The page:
From such legends of music, we could still expect a little better ...


 

2011 TOUR - SUPERTRAMP Montreal, June 16

Supertramp au Centre Bell
Supertramp bat de l'aile sans Hodgson

Marie-France Pellerin
16/06/2011 23h26


MONTREAL -"Genesis survived the departure of Peter Gabriel, who was replaced by Phil Collins with great spirit. Supertramp, however, can’t overcome the departure of Roger Hodgson".

 

MONTRÉAL - Genesis a peut-être bien survécu au départ de Peter Gabriel, remplacé avec brio par Phil Collins. Supertramp, lui, se remet difficilement du départ de son chanteur, Roger Hodgson.

De passage au Centre Bell jeudi soir dans le cadre de sa tournée 70-10, la formation rock britannique a offert une prestation qui ne passera assurément pas à l’histoire, mais qui a tout de même été ponctuée de quelques moments d’envergure.

La tournée célèbre à la fois le 40e anniversaire du groupe et de la sortie de son premier album éponyme, Supertramp, paru en 1970, et un joueur de taille manquait à la fête. Le froid sévissant entre Rick Davies, fondateur, chanteur et claviériste de Supertramp, et Hodgson, qui a quitté la formation au début des années 80, n’est pas un secret d’État.

Aussi, Davies a affirmé ne pas souhaiter accueillir son ancien compatriote en ses rangs afin de préserver l’harmonie du groupe. On lui concède le point, mais reste que le registre vocal d’Hodgson demeure beaucoup plus étendu que celui de Davies.

Accompagné des membres originaux John Helliwell (saxophone) et Bob Siebenberg (batterie), Davies a attaqué You Started Laughing et Gone Hollywood. Il aura néanmoins fallu attendre Ain’t Nobody But Me avant un réel engouement du public.

«Nous avons une relation très spéciale avec Montréal. C’est ici que nous avons donné notre premier concert au Canada en 1975», a mentionné Helliwell –Davies ne s’est pratiquement pas adressé à la foule– avant de déplorer le fait qu’il ait dû prendre plus tôt son petit déjeuner à Toronto. L’anecdote venait évidemment d’introduire Breakfast in America.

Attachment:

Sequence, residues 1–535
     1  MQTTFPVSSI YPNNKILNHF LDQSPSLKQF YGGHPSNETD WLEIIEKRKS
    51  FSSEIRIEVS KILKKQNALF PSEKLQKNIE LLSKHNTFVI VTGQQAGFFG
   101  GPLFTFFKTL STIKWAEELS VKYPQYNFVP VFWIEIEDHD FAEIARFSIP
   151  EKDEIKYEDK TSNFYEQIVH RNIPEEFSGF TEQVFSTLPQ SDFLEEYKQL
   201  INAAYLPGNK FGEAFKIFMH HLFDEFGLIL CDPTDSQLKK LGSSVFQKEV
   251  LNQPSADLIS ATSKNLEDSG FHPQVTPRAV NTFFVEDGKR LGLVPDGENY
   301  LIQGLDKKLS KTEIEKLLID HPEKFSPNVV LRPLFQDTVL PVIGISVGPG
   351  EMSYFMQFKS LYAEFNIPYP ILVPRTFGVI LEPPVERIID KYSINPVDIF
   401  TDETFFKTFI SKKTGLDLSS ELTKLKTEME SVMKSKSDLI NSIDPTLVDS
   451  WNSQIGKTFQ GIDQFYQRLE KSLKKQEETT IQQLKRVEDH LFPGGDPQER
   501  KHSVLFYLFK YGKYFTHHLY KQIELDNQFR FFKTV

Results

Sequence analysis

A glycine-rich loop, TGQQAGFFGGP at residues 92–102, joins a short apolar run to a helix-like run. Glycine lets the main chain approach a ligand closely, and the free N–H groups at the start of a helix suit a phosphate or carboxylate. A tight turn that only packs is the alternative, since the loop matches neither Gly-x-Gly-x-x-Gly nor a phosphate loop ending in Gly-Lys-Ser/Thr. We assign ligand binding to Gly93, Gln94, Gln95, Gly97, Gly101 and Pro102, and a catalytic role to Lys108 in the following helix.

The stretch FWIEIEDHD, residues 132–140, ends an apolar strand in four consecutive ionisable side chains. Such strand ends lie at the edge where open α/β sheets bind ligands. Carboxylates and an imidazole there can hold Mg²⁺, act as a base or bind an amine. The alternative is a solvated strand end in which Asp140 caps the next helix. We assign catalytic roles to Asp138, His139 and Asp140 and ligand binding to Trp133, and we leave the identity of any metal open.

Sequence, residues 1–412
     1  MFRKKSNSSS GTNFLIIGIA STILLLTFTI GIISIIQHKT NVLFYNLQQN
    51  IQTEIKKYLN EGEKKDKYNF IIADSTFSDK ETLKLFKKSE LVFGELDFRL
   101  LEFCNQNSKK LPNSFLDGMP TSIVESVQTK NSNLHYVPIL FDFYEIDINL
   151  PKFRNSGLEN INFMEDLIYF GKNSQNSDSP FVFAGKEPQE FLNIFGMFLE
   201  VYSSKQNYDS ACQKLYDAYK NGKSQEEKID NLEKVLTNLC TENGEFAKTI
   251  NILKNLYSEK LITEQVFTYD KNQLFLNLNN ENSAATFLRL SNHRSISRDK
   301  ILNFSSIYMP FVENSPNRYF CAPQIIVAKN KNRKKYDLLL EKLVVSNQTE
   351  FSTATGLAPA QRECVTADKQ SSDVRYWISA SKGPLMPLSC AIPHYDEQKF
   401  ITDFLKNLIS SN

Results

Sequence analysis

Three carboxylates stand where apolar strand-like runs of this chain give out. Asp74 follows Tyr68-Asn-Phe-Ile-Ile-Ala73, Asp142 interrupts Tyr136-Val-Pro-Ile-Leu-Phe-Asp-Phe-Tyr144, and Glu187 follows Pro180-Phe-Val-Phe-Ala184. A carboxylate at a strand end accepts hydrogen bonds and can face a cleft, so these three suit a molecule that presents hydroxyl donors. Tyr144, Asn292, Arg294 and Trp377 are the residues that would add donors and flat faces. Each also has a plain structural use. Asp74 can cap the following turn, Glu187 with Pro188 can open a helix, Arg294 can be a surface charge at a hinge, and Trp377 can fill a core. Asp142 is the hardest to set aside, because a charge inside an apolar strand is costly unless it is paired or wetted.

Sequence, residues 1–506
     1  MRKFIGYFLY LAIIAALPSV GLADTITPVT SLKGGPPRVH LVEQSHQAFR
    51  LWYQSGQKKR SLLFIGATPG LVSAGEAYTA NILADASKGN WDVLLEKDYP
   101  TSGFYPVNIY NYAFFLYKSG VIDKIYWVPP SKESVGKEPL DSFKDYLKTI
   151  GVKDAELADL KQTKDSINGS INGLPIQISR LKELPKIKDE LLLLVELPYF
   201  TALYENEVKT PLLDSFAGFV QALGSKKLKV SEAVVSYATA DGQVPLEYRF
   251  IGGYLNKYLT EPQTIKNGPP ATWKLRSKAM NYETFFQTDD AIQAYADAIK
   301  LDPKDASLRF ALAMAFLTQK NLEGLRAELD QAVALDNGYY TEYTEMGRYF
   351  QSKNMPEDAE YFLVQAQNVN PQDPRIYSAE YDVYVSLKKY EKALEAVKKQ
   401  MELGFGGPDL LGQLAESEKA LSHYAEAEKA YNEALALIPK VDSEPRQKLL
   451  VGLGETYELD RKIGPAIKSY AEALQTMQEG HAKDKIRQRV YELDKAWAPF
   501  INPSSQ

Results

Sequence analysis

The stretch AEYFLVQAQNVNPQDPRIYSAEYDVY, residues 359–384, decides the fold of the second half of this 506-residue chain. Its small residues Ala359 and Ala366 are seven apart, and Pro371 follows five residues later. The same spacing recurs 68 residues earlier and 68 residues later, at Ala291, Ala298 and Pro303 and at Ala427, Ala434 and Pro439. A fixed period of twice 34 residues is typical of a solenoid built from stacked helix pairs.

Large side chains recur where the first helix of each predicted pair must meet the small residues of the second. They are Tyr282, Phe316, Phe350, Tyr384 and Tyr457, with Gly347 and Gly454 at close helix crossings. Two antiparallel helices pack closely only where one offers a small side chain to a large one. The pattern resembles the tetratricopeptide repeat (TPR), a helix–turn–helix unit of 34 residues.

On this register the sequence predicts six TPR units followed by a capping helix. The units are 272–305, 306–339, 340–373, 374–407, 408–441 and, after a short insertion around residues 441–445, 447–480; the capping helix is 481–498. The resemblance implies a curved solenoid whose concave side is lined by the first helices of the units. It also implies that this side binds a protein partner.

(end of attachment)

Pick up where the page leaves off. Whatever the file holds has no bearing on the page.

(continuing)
Cannonball et Poor Boy ont pour leur part ramené l’énergie au point mort alors que From Now on a suscité une ovation partielle, au parterre. Les incontournables, tels que Give a Little Bit, Downstream, Rudy, Bloody Well Right et Another Man’s Woman, rythmée d’un solo de clavier endiablé de Davies, auront pour leur part empli l’amphithéâtre d’une certaine ferveur.

La magie a déserté / The magic has deserted

La machine musicale était définitivement toujours bien huilée, traduisant somme toute plutôt bien le caractère ambitieux des albums de la formation, mais il a manqué de cette petite touche magique et peut-être d’un peu d’enthousiasme, autant chez les membres que chez les 9469 spectateurs, qui sont demeurés sagement assis pratiquement l’ensemble du concert.

Les limites vocales de Davies se sont aussi fait sentir à quelques reprises, notamment sur Rudy. Il a d’ailleurs légué le micro à ses acolytes Jesse Siebenberg, le fils du batteur, et Gabe Dixon, choriste, pour Give A Little Bit, It’s Raining Again, Take The Long Way Home et The Logical Song, où les notes poussées à l’extrême ont été applaudies.

Bien que l’interprétation de ces pièces ait été particulièrement réussie, on ne remplace pas si facilement une voix qui a marqué l’histoire. Roger Hodgson demeure inimitable, et les fans invétérés pourront le constater les 28 et 29 octobre à la Salle Wilfrid-Pelletier de la Place des Arts.